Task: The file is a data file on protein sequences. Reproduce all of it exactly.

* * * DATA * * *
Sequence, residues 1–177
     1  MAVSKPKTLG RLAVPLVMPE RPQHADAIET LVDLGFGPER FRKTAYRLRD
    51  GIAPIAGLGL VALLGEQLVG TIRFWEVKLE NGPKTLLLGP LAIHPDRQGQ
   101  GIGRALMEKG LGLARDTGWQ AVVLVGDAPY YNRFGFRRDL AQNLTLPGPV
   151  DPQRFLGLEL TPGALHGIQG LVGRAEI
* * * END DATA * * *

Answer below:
Sequence, residues 1–177
     1  MAVSKPKTLG RLAVPLVMPE RPQHADAIET LVDLGFGPER FRKTAYRLRD
    51  GIAPIAGLGL VALLGEQLVG TIRFWEVKLE NGPKTLLLGP LAIHPDRQGQ
   101  GIGRALMEKG LGLARDTGWQ AVVLVGDAPY YNRFGFRRDL AQNLTLPGPV
   151  DPQRFLGLEL TPGALHGIQG LVGRAEI